Last Friday, the California Department of Public Health (CDPH) released guidance, including a questions-and-answers webpage, on how businesses may return to “usual operations” starting June 15 with exceptions for indoor and outdoor “mega events.”
But the department also reminded employers that they are subject to the Cal/OSHA COVID-19 Prevention Emergency Temporary Standards (ETS), if applicable to them. Cal/OSHA is revisiting the emergency standards to take into account the revised guidance from the federal Centers for Disease Control and Prevention (CDC) that permits fully vaccinated persons to go without masks in some settings.
A Cal/OSHA Standards Board vote on a revised emergency standard is expected next week (see story at right).
‘Beyond the Blueprint’
As of June 15, according to the CDPH memo dated May 21, the state will be moving beyond the Blueprint for a Safer Economy introduced last summer to limit transmission of the COVID-19 virus.
Verification of being fully vaccinated or having a negative COVID-19 test will be required before entry for indoor mega events (more than 5,000 attendees) and recommended for outdoor mega events (more than 10,000 attendees).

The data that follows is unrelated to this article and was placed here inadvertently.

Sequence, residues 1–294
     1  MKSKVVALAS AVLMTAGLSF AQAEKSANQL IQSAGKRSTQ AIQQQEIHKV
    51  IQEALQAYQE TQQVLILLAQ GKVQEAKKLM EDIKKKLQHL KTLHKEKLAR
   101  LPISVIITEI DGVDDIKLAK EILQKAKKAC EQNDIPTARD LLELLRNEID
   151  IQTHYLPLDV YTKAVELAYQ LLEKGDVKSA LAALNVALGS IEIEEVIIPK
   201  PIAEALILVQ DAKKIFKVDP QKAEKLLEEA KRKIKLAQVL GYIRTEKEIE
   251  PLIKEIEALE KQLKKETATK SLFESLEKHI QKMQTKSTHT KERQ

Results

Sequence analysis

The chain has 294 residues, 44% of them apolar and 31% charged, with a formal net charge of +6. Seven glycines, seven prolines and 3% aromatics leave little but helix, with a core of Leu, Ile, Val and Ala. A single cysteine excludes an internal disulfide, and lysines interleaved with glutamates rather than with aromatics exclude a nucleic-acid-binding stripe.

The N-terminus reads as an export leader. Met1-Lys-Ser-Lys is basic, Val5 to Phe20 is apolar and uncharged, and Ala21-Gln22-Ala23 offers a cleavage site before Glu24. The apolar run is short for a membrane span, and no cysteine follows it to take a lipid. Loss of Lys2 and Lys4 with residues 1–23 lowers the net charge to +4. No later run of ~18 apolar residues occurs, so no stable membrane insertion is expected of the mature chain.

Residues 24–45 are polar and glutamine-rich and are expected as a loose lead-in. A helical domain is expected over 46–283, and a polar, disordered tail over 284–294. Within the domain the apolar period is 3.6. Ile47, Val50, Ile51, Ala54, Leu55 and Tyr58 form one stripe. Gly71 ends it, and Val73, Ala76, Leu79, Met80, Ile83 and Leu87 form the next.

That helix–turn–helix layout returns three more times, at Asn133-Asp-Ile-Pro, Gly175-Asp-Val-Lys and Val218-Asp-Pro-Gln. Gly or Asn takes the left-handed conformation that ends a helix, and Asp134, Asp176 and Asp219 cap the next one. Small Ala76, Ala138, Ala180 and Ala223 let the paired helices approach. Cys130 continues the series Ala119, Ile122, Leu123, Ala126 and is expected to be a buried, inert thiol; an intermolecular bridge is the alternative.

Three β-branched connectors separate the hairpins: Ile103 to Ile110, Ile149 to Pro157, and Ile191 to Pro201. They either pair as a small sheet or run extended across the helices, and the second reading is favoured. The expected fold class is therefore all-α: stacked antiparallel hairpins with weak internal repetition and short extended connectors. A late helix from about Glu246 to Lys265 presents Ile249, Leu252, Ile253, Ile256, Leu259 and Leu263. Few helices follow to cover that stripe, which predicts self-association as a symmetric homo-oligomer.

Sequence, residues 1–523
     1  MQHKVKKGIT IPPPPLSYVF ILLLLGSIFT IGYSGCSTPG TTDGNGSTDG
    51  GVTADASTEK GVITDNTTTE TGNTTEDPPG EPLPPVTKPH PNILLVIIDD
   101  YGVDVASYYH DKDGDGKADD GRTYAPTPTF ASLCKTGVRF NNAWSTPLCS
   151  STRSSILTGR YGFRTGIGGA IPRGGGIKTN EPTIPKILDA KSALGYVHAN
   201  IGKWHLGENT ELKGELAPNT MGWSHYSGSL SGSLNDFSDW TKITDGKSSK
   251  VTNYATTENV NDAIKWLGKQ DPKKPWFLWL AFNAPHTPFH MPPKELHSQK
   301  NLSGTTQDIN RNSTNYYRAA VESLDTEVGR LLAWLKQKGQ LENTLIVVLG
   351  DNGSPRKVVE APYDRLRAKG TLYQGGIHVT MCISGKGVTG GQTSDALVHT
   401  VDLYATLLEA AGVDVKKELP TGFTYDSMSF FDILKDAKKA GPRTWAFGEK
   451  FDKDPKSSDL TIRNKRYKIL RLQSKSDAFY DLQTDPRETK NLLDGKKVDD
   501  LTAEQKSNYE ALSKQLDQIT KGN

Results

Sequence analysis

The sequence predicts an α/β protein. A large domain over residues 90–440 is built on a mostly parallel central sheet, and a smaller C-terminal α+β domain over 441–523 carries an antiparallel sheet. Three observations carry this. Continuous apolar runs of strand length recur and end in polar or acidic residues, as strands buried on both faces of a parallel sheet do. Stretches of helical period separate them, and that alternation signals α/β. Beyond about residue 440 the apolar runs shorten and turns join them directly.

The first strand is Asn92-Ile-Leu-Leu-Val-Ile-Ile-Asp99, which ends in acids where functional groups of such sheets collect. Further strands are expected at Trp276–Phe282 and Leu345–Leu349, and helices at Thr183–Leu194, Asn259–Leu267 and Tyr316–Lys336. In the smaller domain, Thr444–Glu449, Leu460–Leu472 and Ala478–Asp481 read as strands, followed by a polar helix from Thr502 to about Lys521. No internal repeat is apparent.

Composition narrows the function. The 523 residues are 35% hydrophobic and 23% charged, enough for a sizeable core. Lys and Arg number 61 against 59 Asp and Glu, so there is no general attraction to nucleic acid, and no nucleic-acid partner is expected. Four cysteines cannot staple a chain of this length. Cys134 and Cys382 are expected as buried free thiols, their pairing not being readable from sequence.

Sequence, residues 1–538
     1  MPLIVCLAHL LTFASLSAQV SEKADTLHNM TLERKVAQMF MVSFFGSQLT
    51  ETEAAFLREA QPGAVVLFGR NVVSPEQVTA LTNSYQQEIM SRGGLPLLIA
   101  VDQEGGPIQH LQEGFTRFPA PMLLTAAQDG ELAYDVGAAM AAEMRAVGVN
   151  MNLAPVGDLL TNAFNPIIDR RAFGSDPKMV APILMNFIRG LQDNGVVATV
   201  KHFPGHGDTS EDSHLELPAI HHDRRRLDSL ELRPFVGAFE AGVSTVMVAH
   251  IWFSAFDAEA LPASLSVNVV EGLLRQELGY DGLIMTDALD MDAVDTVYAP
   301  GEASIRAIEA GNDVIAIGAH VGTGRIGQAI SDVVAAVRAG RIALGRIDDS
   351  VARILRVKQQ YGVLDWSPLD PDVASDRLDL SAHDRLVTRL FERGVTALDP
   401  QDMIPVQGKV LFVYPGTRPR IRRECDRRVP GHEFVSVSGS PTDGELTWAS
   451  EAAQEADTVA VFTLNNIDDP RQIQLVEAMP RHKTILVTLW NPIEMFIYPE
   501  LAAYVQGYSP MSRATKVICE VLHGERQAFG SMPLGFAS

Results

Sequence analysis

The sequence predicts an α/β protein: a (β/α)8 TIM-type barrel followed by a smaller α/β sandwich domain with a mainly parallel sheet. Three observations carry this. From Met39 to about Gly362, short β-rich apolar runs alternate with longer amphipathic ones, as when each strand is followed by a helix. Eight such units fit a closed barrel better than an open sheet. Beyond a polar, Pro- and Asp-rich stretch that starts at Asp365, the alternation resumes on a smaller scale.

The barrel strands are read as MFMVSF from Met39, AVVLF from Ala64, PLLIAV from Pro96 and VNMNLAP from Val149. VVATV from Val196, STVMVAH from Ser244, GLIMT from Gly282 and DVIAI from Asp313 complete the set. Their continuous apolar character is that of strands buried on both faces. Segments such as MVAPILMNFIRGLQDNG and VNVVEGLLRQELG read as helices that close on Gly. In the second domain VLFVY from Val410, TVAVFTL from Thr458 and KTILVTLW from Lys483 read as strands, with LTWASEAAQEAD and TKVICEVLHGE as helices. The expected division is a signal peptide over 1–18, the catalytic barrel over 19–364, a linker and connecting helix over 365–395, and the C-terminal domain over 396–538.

The mega events will no longer have capacity limitations, and the physical distancing restrictions will be lifted for fully vaccinated attendees, customers and guests.
Examples of indoor mega events include conventions, conferences, expos, sporting events and concerts. Examples of outdoor mega events include music or food festivals, car shows, large endurance events and marathons, parades, sporting events and concerts.
Mask requirements must follow the CDPH guidance, which includes the following:
• Fully vaccinated persons aren’t required to wear face coverings outdoors except when attending crowded outdoor events.
• Unvaccinated persons must wear face coverings outdoors anytime physical distancing can’t be maintained, including while attending crowded outdoor events.
• Regardless of vaccination status, face coverings must be worn in indoor settings outside one’s home, including public transportation, with some exceptions.
According to the CDPH guidance, the requirements and recommendations for negative tests and vaccine verification will be in place from June 15 through October 1.
By September 1, the state will assess conditions to determine whether updated requirements or recommendations are needed beyond October 1.
As of May 27, the state’s COVID-19 dashboard showed more than 36.9 million vaccines have been administered. California’s COVID-19 test positivity rate has remained at or below 1% for the last two weeks (0.9% on May 26) and is the lowest in the nation.